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Greater China ETFs

Written By Brian Hicks

Posted March 24, 2008

"I just bought 200 shares… on the stock exchange in Hong Kong. I mean, how cool is that? That’s China!"

That’s straight from the new TV ad campaign for online brokerage E-Trade (NYSE:ETFC).

Keep in mind, though, that the Hong Kong Stock Exchange is a very different animal from the Shanghai market. And brokers who muddle their geography just to take advantage of China’s rip-roaring growth stand to do serious damage to your international portfolio.

They’re also missing out on major profit plays in more mature regional markets right in China’s backyard.

E-Trade has Greater China wrong… but here’s how you can get it right, with Greater China ETFs from Hong Kong, Taiwan, and Singapore.

"Greater China" refers to China, Taiwan, Hong Kong, Macau (Hong Kong’s often-forgotten neighbor and world gambling capital), and sometimes Singapore, where three-quarters of the population is ethnically Chinese. However, simply calling all of these "China" will get you a scowl from many natives… and a hole in your pocketbook if you invest in the fallacy that E-Trade is spouting.

Think There’s One China? Check the Headlines and Profit with these Greater China ETFs

Which do you prefer: "China’s Olympic Flame Lit Amid Protests" or "Markets Surge in Taiwan as Election Raises Hopes for Mainland Ties?"

Fortunately you have a variety of exchange-traded fund (ETF) tickers to shuffle around Greater China as current events deliver sizable market pops.

The iShares MSCI Taiwan Index ETF (NYSE:EWT) beat the pants off of the S&P 500 from April to November of 2007, but the iShares FTSE/Xinhua China 25 Index (NYSE:FXI) was positively stratospheric, quintupling the Taiwan (Republic of China) fund at its peak.

Since autumn, stock markets have been beaten down across the globe, and no Greater China exchange escaped the slump.

But then in the past month, anticipation of Taiwan’s presidential election this past weekend brought exuberance to Taiwanese stocks, reversing the year-long trend. Ma Ying-jeou, the opposition candidate who emerged victorious, has urged greater economic cooperation between Taiwan and mainland China, and investors are eating it up.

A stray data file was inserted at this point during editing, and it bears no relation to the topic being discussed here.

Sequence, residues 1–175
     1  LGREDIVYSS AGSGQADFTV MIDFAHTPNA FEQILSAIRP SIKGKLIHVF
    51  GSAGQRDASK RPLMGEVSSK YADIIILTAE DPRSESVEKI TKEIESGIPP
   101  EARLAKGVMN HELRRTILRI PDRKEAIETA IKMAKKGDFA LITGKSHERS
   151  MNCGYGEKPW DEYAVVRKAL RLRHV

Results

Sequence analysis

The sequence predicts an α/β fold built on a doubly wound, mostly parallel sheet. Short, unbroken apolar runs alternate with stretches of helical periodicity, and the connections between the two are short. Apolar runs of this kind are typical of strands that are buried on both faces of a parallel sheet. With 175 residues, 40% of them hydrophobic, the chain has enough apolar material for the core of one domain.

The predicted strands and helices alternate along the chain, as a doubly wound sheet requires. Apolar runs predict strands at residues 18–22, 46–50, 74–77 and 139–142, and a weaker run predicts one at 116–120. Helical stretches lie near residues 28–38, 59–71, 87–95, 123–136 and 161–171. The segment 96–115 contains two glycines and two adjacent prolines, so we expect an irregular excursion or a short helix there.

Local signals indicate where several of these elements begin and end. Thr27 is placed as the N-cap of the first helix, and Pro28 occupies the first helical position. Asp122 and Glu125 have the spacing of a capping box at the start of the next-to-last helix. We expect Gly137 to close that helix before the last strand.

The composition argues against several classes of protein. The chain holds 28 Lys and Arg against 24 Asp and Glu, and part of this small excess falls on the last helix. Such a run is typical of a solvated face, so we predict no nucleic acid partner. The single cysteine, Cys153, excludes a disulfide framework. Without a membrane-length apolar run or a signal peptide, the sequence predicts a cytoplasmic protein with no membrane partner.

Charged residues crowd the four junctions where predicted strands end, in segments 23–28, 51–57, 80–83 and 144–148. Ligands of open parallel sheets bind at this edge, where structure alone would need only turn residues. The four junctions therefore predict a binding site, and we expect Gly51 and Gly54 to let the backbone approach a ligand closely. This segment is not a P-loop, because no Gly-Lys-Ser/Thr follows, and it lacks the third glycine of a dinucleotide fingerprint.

The coming thaw will include regularly scheduled direct airplane flights (currently Taiwanese have to bounce off of other nearby ports if they are headed to the People’s Republic of China), and Ma has also pledged to let loose Taiwanese investment in Chinese enterprises to tap the double-digit GDP growth and 1.3 billion-person marketplace.

Combine this rosy news with a hard fall on the Shanghai exchange from November levels and you get more than a 13% gain in the EWT Taiwan ETF from February 25 to March 24, compared to a 12% drop in the FXI, as we see in the chart below.

ishares china fund comparison

The Greater China Dragon Has Many Heads

If you’ve ever been to a Chinese New Year celebration, you know that the long, decorated dragon you see winding its way down the street is actually at least a dozen people meandering in unison. From year to year, a different person may take the lead.

So goes with Greater China, as Taiwan steps to the front and guides Singapore, Hong Kong, and even the Beijing behemoth across the Taiwan Straits into this week’s market action. The iShares MSCI Singapore Index Fund (NYSE:EWS) also jumped Monday on Taiwan’s election news, leaving its Hong Kong counterpart (NYSE:EWH) in the dust by quadrupling Hong Kong’s mid-day gain of 2% with an 8% bounce.

Taiwan’s China Post newspaper reported a 6.8% jump in the Taiwan Stock Exchange’s tourism sub-index on Monday as investors anticipate an influx of mainland Chinese to the capital Taipei and elsewhere on the island.

International traders who added EWT to their portfolio ahead of the election are also benefiting from currency tailwinds, as the Taiwanese dollar has appreciated to its highest level in a decade, pushing Taiwanese auto stocks up nearly 7% as well, and other export-based industries are sure to get a boost.

I’m long on the EWT ETF as Taiwanese stocks get a "peace pop" from Ma’s new leadership and re-establish themselves as a fruitful and less volatile counterpart to Shanghai stocks. We’ll be coming out with more specific plays on Greater China soon in Wealth Daily, so stay tuned.



Sam Hopkins